It was a dark, cold night in December. I was a little girl and lay shivering in my bed in my unheated little bedroom. Sinterklaas was coming!
Sinterklaas was the tall and frightening old man who rode the roof of the high rise flat where I grew up. His black servant Piet would magically make his way into each apartment and leave a little sugary treat in the children's shoes that were left by various chimney breasts and radiators. Mine was stuffed with some hay for Sinterklaas' white horse. My younger sister's shoe held a carrot. She always got the better deal.
The old clock in the living room across the hallway struck three. I threw off the blankets and tiptoed to the door, opening it very slowly. Stealthily creeping across the hallway - cold, cold tiles under my feet - and there, in the dark living room, I could see the mitred silhouette of Sinterklaas leaning against the wall by the window. My heart was pounding in my little chest and my mouth went dry. But I was on a mission. And the mission had to be accomplished or I would never sleep again.
I needed to see those two little shoes. I wanted to see if my sister got the better sugar treat. Maybe she got the ginger cookie in the shape of a clogged farmer's girl while I got the horse-shaped one, the one that only boys should get. Or maybe Sinterklaas had given her the sugar necklace while I got the inferior bracelet. I just had to see, so I ignored my fear and crept towards the coal burner. It was still warm.I looked up to where Sinterklaas was standing and heaved a sigh of relief. Mama had left the ironing board folded upright against the wall. Its rounded top resembled Sinterklaas' mitre.The coast was clear now.
I knelt down by the shoes and looked. A sugar animal peeped out from each shoe. I lifted hers out and held it against the moonlight. It was the smaller, cuter one and it was a lovely pink. I looked at mine: the bigger one, made for boys, and it was a sickly yellow. I knew it. It was so unfair. But wait... Quickly I swapped them over. The pretty little pink one in my shoe, and the big ugly yellow sugar animal in my sister's. But still the stab of jealousy wouldn't go away. So I picked up the yellow one again and took a big bite out of it before putting it back into her shoe. There.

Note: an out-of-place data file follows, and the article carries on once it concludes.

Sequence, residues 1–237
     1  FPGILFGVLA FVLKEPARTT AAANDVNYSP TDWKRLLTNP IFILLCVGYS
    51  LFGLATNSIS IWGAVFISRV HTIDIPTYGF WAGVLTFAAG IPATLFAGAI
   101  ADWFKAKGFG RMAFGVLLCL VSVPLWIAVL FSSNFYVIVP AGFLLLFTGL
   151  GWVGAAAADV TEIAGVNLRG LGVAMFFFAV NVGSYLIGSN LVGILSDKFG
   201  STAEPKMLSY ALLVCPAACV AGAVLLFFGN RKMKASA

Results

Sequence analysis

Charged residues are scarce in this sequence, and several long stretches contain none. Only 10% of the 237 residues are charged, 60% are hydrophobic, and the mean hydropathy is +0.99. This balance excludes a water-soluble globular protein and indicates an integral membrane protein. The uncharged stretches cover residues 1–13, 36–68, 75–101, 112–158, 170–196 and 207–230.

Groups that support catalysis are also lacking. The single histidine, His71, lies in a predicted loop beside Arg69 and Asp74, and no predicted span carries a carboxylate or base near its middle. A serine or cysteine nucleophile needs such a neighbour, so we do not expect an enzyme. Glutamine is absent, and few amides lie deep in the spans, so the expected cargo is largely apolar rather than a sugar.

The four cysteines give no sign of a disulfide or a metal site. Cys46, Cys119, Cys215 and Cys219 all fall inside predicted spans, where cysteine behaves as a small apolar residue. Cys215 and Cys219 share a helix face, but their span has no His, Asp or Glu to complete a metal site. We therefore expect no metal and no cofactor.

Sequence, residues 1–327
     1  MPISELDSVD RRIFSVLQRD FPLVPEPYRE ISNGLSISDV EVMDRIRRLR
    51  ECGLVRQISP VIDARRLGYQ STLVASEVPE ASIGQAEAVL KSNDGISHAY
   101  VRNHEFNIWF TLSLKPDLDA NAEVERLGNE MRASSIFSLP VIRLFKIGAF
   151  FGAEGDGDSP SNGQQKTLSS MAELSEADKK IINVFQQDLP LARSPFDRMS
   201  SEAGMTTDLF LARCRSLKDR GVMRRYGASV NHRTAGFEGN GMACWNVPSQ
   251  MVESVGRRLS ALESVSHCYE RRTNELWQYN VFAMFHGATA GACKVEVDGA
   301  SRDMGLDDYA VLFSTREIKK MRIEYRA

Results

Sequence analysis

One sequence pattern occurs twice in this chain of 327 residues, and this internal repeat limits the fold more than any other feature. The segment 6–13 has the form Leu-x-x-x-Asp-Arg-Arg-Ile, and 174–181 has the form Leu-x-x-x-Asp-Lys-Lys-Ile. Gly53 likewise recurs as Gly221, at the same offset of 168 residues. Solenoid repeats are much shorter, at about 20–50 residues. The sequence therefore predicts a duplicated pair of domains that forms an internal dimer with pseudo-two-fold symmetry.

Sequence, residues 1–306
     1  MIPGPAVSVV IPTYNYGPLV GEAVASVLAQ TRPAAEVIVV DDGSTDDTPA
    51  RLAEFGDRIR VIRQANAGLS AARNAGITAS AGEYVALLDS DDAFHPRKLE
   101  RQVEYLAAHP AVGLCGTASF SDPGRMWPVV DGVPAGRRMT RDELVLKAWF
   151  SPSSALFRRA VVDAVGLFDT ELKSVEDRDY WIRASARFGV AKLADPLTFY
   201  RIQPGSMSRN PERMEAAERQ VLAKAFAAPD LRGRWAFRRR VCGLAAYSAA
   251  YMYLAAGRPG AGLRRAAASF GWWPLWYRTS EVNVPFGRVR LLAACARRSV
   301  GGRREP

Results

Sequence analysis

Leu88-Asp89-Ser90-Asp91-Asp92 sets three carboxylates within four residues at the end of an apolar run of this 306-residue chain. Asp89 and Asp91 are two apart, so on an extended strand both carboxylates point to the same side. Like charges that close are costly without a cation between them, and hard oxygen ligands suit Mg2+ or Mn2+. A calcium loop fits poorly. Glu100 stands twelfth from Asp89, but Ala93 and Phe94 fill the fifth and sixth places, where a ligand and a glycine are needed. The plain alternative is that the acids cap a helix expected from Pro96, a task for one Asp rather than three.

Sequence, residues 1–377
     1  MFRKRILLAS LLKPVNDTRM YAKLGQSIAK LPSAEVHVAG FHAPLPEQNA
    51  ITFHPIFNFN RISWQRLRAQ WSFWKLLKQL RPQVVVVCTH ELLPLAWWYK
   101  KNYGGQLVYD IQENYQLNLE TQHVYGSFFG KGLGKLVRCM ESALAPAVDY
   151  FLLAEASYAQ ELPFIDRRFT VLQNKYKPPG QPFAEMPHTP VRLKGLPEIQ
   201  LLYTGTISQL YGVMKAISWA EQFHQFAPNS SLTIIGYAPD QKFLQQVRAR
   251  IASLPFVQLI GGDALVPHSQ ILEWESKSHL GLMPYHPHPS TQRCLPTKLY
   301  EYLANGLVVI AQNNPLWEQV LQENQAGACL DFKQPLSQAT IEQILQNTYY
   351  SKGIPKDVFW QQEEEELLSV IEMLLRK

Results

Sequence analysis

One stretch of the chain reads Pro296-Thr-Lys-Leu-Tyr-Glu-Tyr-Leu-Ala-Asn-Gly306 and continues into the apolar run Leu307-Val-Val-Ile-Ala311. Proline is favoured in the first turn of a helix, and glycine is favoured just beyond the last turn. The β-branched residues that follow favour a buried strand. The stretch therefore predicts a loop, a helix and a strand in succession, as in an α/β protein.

At that very moment, the side door to my parent's bedroom opened, and my father came into the living room, on his way to the toilet. I gasped and started to cry - caught in the act! But my father knelt down next to me, hugged me, then wordlessly lifted me up and carried me back to my cold bedroom. He tucked me into my bed and stroked my hair until I drifted off to sleep again. I felt forgiven for my sins of jealousy, stealing and hating.
That memory has always helped me in my relationship with God the Father. It has always served as a real life example of God's loving kindness, but now that I understand how covenants work, the incident has gained a new meaning. I can't think of either a Dutch, German or English word to describe that quality of gentleness, but the Hebrew language has a word for it: Racham. Clumsily translated as 'bowels of mercy' or just 'mercy' or 'grace'.
My father was my best friend. He may have been impatient at times, forgetful and even tight-fisted, but he was generous with his love for his daughters. We would run towards him when he came home from work, and he would spread out the tails of his coat for Mama and us to snuggle under. "You are mine," he would say with laughter lines crinkling around his eyes, "and everything in this house is mine". And somehow, that meant more to us than the Hollywood words of "I love you". Papa didn't know it, but he was a true covenant man.